Date of Award
Doctor of Philosophy (PhD)
Design optimization provides a mechanism to create novel and non-intuitive optimal designs in a formal and mathematical process. The current paradigm for design optimization is to relax the discrete description of a material layout and vary continuously the density of a fictitious porous material. This dissertation builds on a new design optimization paradigm using the level set method (LSM) and the extended finite element method (XFEM). The LSM and the XFEM allow crisp descriptions of the material layout and address numerical artifacts typically seen in density methods. The LSM and XFEM approach is applied to structural problems and fluid-thermal transport problems. Fluid flow is predicted by the Boltzmann equation, which has a simpler numerical formulation than the Navier-Stokes equations and is valid in a larger flow regime. The most popular approach is the lattice Boltzmann method (LBM). This dissertation initially explores the current LBM and density approach to optimization. The theoretical basis to allow LSM and XFEM topology optimization with an alternative to the LBM is presented including a streamline upwind Petrov-Galerkin finite element formulation for the Boltzmann equation and consistent material interpolation in the XFEM. Finally, the finite element hydrodynamic Boltzmann approach is explored for topology optimization of transport problems. The finite element Boltzmann approach is found to address several numerical issues with the LBM at the cost of solving a sparse linear system of equations. The LSM and XFEM approach does not suffer from the numerical artifacts seen in the LBM and density approach. However, a robust regularization strategy has not been developed.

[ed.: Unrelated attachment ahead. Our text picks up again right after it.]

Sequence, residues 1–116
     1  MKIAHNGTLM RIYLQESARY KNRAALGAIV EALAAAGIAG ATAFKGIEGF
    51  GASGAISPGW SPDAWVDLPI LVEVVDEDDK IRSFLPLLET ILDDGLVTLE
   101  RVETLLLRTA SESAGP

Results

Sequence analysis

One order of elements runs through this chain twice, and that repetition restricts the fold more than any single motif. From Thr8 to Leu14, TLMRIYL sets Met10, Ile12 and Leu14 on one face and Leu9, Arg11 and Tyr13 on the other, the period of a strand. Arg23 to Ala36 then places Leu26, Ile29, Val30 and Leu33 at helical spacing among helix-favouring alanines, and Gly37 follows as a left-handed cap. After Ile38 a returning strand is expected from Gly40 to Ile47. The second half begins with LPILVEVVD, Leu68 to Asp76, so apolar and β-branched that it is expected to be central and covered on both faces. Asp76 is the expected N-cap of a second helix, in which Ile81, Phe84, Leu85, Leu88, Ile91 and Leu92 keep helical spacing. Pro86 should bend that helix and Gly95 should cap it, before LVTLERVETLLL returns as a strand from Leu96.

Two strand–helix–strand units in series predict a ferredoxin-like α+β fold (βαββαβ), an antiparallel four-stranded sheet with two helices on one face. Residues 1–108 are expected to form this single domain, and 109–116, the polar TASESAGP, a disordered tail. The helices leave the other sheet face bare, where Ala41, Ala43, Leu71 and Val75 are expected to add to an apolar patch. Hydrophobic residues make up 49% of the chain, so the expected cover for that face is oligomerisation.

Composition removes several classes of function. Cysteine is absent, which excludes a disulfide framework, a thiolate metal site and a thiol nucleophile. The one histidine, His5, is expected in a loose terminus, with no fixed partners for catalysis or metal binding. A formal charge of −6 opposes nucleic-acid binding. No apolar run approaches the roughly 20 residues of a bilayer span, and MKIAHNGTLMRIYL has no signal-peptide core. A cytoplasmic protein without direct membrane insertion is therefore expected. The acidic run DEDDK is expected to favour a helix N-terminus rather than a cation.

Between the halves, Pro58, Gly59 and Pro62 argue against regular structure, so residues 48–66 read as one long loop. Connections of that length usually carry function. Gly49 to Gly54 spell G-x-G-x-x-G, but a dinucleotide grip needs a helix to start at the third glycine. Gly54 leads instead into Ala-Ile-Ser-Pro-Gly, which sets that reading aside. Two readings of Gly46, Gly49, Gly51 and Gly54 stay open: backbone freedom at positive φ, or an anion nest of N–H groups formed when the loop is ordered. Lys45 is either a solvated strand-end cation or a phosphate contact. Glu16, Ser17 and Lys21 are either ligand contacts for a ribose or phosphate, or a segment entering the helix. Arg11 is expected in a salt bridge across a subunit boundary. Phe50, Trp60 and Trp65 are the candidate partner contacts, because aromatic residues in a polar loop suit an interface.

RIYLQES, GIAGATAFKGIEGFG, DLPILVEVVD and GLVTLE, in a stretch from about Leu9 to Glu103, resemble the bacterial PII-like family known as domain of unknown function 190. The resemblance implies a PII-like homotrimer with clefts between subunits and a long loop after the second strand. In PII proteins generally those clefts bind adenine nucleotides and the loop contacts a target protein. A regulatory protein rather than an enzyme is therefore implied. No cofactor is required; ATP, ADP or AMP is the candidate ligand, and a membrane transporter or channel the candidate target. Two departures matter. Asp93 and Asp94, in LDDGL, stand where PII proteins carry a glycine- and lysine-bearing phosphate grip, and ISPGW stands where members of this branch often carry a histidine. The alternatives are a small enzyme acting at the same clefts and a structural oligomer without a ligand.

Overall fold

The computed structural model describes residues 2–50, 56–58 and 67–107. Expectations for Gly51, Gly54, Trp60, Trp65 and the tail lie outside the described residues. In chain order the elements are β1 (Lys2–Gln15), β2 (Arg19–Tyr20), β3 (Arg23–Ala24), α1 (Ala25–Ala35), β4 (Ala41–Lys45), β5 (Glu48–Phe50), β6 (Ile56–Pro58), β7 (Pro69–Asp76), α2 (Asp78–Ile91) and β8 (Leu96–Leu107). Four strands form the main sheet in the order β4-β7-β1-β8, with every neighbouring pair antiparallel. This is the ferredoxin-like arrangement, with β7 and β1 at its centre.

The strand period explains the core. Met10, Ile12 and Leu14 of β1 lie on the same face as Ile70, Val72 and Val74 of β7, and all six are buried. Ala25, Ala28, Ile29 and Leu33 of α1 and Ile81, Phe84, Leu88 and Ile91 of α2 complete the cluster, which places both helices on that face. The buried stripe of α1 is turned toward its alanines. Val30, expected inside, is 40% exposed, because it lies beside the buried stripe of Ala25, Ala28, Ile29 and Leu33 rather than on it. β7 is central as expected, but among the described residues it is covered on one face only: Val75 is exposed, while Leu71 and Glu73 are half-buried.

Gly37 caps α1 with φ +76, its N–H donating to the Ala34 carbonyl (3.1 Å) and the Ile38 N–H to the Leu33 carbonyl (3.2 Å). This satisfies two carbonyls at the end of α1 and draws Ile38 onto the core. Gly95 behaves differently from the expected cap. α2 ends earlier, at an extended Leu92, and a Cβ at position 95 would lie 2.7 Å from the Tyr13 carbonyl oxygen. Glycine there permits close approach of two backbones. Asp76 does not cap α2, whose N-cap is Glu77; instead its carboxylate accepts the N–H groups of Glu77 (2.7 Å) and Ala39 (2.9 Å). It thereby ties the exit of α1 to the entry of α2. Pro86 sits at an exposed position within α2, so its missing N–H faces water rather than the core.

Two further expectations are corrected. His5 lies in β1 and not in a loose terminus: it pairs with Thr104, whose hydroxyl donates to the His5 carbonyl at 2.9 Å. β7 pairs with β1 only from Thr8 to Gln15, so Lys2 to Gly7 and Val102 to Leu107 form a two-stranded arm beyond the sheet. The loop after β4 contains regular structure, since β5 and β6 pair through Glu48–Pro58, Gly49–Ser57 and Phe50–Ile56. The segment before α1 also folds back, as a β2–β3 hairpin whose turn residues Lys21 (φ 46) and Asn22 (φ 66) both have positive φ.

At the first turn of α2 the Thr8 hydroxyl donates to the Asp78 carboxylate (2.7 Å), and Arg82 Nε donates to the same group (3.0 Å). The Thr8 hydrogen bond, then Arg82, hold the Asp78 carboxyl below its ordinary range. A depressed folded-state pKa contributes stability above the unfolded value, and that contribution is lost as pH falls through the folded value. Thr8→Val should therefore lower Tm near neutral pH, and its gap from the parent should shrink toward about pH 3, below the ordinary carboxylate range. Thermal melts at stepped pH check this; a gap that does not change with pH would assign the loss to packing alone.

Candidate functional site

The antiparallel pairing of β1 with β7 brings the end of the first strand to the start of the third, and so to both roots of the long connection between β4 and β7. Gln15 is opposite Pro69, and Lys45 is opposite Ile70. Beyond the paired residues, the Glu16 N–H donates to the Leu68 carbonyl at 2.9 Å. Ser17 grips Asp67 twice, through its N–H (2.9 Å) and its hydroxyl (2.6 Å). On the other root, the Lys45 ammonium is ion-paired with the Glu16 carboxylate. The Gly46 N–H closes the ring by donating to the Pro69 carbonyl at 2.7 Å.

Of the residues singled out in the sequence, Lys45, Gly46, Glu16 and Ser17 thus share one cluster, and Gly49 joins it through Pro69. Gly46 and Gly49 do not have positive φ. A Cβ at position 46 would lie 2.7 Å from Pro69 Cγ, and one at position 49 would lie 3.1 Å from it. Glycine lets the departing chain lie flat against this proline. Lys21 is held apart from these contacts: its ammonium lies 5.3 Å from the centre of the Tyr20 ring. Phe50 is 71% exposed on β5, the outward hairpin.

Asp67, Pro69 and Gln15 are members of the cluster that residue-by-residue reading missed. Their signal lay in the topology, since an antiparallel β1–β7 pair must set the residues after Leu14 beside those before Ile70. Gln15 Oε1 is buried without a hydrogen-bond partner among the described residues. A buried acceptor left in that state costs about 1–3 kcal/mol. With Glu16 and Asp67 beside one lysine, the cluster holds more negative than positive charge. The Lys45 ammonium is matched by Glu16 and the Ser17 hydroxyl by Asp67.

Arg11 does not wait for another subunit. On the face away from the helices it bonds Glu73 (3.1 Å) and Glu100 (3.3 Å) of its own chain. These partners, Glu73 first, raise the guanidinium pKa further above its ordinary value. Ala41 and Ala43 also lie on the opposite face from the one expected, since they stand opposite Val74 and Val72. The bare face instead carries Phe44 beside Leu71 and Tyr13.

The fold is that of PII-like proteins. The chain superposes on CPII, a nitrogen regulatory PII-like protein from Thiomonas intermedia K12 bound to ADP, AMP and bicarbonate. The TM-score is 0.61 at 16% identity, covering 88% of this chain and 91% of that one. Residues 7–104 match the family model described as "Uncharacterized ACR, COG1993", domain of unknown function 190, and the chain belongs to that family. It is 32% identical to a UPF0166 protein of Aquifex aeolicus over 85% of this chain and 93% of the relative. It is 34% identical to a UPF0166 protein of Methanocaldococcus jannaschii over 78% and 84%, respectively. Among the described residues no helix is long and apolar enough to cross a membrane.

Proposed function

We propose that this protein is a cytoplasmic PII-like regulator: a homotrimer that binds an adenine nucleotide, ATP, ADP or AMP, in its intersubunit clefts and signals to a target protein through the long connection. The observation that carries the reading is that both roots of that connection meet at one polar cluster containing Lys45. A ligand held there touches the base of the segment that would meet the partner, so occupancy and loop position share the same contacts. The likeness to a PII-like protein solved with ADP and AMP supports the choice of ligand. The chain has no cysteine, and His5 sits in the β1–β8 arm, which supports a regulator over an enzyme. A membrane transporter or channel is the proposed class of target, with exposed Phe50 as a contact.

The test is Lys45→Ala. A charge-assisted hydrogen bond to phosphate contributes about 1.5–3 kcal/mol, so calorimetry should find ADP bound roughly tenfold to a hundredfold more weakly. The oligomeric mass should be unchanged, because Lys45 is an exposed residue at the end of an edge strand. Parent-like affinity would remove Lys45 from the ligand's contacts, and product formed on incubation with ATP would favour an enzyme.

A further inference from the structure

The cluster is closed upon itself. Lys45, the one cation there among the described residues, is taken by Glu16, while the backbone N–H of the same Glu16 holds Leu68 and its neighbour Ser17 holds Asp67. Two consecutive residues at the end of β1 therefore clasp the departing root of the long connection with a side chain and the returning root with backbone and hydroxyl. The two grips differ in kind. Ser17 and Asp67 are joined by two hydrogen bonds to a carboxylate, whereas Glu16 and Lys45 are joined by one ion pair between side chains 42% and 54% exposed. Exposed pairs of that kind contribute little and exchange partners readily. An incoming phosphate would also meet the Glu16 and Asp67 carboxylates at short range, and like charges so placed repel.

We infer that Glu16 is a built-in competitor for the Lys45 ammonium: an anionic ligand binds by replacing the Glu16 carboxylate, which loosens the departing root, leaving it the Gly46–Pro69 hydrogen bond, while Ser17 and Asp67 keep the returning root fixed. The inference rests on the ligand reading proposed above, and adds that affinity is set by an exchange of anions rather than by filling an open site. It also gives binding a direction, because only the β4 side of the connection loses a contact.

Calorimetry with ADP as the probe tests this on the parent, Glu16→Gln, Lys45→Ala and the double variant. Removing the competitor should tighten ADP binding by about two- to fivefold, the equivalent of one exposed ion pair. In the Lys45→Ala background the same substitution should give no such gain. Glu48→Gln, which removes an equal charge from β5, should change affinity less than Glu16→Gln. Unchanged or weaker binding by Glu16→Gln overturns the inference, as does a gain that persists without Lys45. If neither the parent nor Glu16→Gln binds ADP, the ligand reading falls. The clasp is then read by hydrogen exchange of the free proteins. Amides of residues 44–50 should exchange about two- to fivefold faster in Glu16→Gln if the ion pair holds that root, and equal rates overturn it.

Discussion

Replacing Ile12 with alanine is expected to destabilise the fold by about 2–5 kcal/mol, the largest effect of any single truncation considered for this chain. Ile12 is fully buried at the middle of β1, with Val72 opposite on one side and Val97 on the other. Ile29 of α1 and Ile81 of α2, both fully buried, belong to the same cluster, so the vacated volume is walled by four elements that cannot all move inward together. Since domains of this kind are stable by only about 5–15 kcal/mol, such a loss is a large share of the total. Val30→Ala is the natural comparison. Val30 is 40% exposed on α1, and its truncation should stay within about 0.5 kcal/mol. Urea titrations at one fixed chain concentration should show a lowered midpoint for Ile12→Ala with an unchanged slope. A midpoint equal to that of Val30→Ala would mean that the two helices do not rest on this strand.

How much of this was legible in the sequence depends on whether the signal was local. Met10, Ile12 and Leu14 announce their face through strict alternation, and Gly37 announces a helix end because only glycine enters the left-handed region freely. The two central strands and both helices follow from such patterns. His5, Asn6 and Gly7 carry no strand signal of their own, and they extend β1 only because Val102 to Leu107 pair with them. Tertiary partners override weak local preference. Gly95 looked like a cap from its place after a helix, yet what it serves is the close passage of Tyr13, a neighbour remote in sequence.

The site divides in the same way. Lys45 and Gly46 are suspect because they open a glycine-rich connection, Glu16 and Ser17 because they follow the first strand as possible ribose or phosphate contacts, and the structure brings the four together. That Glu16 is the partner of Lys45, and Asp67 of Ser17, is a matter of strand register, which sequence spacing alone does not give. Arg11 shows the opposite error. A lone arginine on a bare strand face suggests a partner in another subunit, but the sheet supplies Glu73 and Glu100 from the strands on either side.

Makhija, David, "Topology Optimization of Transport Problems Modeled by the Boltzmann Equation" (2014). Mechanical Engineering Graduate Theses & Dissertations. 80.